This is a stub of a post, which I intend to expand with examples over time.
A few years ago, I watched a YouTube video called "Marty Lobdell - Study Less Study Smart"
When I listened to the ideas from the video, they felt invigorating. But there was a line in there that struck me hard:
Technically as a psychologist, if it doesn't change your behavior you haven't learned it.
Almost as if to say: "You're not going to learn anything from this video, because your behavior isn't going to change".
And he was right. The video didn't change my behavior. Any good practices I've picked up from the video, I was probably already doing them in the past and simply needed a refresher. Most of the ideas I didn't implement.
"Show me the incentives and I'll show you the result"
It's a great quote, as it suggests that there are forces in this world and everything seems to fall in place around those forces - reaching some equilibrium. Identify the forces, determine the equilibrium.
I think a similar concept can be applied to our personal lives. Maybe it's something along the lines of: Show me when your dopamine receptors activate and I'll show you the result.
I know very little about neuroscience, but I really do think it's that simple. When does your brain want to reward you? When does your brain try to protect you? If you know those things, you'll find your equilibrium.
Most people are comfortable. We find a situation that is "good enough" and stay there, far longer than we should.
There are good reasons for this. Needless risk taking is a bad idea. Our ability to imagine negative outcomes helps to keep us alive and keep us in check.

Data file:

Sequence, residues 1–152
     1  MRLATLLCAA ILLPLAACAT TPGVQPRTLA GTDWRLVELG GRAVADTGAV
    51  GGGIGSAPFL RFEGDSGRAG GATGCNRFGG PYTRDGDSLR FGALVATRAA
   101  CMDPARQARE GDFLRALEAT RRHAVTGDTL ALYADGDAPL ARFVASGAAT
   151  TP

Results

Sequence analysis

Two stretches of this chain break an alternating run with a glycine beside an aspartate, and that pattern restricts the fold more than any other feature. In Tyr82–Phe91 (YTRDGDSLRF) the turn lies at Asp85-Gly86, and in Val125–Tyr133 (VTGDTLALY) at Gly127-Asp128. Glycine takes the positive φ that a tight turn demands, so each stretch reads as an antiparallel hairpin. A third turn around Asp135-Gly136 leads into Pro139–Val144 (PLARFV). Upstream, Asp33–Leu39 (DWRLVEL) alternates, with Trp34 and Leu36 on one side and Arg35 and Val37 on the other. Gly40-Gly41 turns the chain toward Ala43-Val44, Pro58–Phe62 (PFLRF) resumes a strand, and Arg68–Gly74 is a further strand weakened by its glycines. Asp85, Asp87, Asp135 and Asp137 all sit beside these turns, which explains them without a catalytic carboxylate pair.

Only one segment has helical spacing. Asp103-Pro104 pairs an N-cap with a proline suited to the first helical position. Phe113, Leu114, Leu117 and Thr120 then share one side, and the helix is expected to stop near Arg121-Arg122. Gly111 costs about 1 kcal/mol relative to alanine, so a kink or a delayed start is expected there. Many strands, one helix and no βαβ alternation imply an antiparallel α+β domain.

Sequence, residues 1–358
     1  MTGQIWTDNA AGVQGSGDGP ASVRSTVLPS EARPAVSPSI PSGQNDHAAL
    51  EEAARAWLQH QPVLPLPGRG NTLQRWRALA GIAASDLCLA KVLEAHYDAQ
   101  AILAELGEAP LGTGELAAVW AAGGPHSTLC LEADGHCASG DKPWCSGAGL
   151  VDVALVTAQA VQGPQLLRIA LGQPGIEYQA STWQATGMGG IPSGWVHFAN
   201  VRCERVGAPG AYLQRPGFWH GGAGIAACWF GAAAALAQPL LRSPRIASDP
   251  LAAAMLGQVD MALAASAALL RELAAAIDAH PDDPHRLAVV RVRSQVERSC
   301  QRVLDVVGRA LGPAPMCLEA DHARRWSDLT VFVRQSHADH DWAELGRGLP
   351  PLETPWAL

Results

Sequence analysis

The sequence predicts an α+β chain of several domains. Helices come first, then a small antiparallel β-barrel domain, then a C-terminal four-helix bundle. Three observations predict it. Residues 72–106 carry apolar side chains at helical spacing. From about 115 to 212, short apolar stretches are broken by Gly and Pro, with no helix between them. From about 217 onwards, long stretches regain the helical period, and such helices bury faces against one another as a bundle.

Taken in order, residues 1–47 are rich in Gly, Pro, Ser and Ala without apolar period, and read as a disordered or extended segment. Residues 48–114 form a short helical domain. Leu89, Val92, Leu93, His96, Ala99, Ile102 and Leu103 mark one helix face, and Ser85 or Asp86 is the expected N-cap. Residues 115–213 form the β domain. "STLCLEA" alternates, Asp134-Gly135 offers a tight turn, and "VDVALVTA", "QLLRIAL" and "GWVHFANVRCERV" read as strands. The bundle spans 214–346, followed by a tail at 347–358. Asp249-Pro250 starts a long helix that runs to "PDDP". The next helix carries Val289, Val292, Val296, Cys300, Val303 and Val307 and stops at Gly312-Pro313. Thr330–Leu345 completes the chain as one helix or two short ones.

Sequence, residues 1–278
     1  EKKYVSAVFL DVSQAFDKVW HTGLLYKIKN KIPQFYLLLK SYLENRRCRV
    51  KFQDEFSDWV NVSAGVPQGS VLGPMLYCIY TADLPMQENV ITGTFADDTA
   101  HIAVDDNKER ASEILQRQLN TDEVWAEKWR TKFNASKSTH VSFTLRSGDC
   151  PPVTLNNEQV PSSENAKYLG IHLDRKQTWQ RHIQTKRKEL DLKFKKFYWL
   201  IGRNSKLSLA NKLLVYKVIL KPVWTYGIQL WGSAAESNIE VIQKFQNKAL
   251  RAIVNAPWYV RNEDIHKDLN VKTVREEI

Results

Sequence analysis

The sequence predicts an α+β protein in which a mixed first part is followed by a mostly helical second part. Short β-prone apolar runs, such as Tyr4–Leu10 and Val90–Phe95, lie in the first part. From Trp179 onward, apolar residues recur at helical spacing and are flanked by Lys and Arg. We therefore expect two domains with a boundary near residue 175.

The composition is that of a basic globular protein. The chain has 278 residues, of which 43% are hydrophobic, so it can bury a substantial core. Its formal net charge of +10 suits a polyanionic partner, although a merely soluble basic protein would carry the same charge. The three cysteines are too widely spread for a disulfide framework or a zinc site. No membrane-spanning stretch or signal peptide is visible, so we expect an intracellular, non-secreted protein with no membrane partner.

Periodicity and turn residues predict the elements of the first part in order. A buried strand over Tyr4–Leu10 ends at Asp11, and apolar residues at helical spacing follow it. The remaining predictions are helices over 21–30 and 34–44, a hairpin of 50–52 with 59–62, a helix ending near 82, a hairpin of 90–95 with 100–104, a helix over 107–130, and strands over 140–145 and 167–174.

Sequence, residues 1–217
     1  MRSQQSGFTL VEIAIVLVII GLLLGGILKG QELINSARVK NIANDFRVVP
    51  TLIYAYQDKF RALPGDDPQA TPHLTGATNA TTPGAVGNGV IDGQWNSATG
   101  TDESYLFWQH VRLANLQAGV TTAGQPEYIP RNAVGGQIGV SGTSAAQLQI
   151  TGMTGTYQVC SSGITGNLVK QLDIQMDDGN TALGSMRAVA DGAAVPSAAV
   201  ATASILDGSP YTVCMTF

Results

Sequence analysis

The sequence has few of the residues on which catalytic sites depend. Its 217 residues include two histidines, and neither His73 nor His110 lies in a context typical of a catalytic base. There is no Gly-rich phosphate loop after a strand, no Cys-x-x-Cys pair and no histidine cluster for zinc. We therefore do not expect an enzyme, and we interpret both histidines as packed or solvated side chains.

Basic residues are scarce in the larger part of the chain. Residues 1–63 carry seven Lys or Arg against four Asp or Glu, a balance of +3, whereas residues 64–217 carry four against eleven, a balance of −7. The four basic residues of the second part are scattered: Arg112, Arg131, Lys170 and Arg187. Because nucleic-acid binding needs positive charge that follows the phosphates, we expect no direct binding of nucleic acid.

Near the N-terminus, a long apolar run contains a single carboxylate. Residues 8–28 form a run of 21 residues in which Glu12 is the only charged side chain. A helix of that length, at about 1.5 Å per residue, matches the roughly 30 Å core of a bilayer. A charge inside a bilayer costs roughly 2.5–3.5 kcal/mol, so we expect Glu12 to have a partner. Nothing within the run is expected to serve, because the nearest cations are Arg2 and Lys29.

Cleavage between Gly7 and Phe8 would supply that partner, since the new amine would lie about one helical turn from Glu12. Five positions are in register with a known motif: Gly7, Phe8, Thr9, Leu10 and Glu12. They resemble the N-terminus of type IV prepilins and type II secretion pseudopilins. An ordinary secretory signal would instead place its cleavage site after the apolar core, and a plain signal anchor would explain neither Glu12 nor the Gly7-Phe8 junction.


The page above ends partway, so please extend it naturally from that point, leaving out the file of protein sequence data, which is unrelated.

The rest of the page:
Thus we stay in our comfort zones - our brains help us visualize the downside, and we keep doing what we always do.
Behavior change often gets prompted via some form of advice. Atomic Habits. YouTube Self Improvement Influencers. Blog posts like this one.
They might be inspiring, but they don't actually cause behavior change, just the tantalizing potential that there might be something better.
To really start behavior change, we need to start rewiring our brains.
In the coming weeks, here are topics I'll look into:
I believe that true behavior change means we need to understand what's going on in our brains. A book, or a video, or a blog post won't actually change anything. The information is great, but so many times we don't ever get to the point of application.
I'll flesh out this article, as well as the related articles as I live them myself.
Just a placeholder post today, but it's a commitment to start implementing all the advice I've heard.